When World War II broke out, women found ways to support the war effort in a variety of ways—including taking to the skies.

Creating the Women Airforce Service Pilots (WASP)

Women’s Flying Training Detachment

Jacqueline Cochran was one of several women who felt women should be utilized in wartime aviation. In 1941, Cochran selected a group of 27 highly qualified U.S. women pilots to ferry military aircraft in Great Britain for the Air Transport Auxiliary (ATA), as most male military pilots were flying in combat. In 1942, Cochran, at the request of Army General Henry "Hap" Arnold, organized the Women's Flying Training Detachment (WFTD) to train civilian women pilots in anticipation of a similar domestic shortage of American military pilots during World War II.

More About Jacqueline Cochran
Women's Auxiliary Ferrying Squadron

Nancy Love also recognized the coming need for pilots to ferry aircraft and identified highly qualified women pilots in the U.S. who could perform such duties. 
In September 1942, the Army Air Corps' Air Transport Command approved the creation of a temporary, civilian women's flying corps, the Women's Auxiliary Ferrying Squadron (WAFS), under the direction of Love.  

More About Nancy Love

In 1943, Cochran’s WFTD merged with Nancy Love's WAFS to form the civilian WASP. Cochran was the director; Love remained in charge of the WAFS unit.

More About the Origin of the WASP

Who Were the WASP? What Did the WASP Do?

From 1943 to 1944, over 1,000 women flew over 60 million miles ferrying aircraft and personnel, towing targets, and other transport duties as part of the WASP. The WASP flew every military aircraft including Boeing B-17 and B-29 bombers.

More About the Contributions of the WASP

Meet Members of the WASP

Cornelia Fort

Cornelia Fort was flying with a student pilot on the morning of December 7, 1941, when they nearly collided with a Japanese aircraft leaving the scene at Pearl Harbor. Fort was the second woman to volunteer for Nancy Love’s WAFS. On a routine ferrying flight in 1943, Fort died at the controls of an aircraft when another plane struck hers.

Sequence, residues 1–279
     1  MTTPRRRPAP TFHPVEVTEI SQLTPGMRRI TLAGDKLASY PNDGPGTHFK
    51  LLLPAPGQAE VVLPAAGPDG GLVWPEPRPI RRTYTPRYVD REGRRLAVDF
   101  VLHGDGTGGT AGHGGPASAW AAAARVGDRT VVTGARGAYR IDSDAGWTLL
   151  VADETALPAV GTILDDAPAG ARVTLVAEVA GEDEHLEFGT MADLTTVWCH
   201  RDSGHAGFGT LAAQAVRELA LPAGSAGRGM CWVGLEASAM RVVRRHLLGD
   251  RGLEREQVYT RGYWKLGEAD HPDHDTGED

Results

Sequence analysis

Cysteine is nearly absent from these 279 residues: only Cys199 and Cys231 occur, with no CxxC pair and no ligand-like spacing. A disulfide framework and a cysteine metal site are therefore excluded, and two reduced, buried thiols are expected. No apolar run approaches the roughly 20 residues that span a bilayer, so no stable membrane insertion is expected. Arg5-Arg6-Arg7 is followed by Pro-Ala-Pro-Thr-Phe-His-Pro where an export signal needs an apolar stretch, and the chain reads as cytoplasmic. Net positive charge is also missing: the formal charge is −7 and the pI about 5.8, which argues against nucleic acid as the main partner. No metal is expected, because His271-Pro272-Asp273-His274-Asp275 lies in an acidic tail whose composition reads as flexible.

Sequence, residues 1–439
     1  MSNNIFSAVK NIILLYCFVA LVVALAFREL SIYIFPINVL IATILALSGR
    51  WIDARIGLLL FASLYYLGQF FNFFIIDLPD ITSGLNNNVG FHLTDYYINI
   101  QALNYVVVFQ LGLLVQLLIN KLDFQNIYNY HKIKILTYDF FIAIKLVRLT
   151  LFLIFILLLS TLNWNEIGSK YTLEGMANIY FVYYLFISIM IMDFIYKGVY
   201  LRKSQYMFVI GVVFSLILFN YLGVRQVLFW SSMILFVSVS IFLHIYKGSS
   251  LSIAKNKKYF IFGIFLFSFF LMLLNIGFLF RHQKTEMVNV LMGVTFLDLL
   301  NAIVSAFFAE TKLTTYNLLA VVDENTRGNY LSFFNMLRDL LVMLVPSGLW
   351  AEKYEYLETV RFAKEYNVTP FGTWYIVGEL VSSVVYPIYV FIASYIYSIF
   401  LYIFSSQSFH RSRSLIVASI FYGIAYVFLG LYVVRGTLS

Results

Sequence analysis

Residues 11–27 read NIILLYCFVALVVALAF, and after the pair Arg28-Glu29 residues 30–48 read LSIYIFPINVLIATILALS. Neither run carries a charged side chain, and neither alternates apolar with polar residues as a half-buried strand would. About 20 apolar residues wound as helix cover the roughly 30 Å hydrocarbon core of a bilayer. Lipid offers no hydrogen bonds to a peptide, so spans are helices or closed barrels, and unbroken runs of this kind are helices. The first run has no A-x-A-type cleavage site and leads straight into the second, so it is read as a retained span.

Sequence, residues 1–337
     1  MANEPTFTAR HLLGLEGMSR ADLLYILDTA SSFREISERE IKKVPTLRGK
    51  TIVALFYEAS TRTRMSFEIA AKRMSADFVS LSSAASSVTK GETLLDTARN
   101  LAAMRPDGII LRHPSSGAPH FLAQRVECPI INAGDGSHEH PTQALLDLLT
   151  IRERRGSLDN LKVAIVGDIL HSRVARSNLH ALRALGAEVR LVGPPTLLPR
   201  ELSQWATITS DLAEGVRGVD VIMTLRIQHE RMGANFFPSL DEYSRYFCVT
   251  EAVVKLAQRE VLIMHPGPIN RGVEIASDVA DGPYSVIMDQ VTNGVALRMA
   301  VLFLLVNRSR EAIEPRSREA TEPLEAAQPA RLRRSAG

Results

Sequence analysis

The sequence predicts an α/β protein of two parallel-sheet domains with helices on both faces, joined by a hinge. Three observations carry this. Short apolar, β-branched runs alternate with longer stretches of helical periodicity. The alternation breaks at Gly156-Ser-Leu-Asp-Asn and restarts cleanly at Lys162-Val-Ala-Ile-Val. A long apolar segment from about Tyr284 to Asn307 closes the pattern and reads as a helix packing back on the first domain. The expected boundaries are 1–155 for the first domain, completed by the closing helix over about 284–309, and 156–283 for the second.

Hazel Ying Lee

Hazel Ying Lee was one of two Chinese American women accepted into the WASP. Among the aircraft Lee flew as a WASP were the P-51 Mustang and P-63 Kingcobra. Tragically, Lee died in the line of duty when she collided with another plane while delivering a P-63 to Great Falls, Montana.

The FAA notes, “Of the 1,012 women who [were] in the WASP program 38 died in service. Lee was the last.”

Racism Kept Some Women from the Ranks

Black women were kept from becoming WASP due to their race.

Willa Brown was one such woman. An accomplished aviator, she contributed to the war effort through other means.

More About Willa Brown

Disbanding and Fighting for Veteran's Status

The WASP were disbanded in 1944, and Cochran was at the center of complications that prevented the group from being absorbed into the USAAF's Women's Army Auxiliary Corps (WAAC). 

During World War II, although WASP flew military planes, they were not granted military status. One of the ways this affected them at the time, when a WASP who were killed in the line of duty, her friends or family, rather than the military, were left to pay their funeral expenses. 

At a 1972 WASP reunion, the women resolved to restore their legacy by applying for official veteran recognition. In 1977, Congress passed a bill that granted the WASP veteran’s status. In 2009, President Barack Obama signed legislation awarding the WASP the Congressional Gold Medal, the nation’s highest civilian honor.

More About the Fight for Recognition

Learn More about the WASP

Podcast Episode STEM in 30 Episode

Women in Other Roles During World War II

WASP were not the only way women were involved in World War II. From working in factories on the homefront, to serving in the military, to cracking codes, there were a variety of ways women advanced the war effort. 


Women Accepted for Voluntary Emergency Service (WAVES) Code Breaking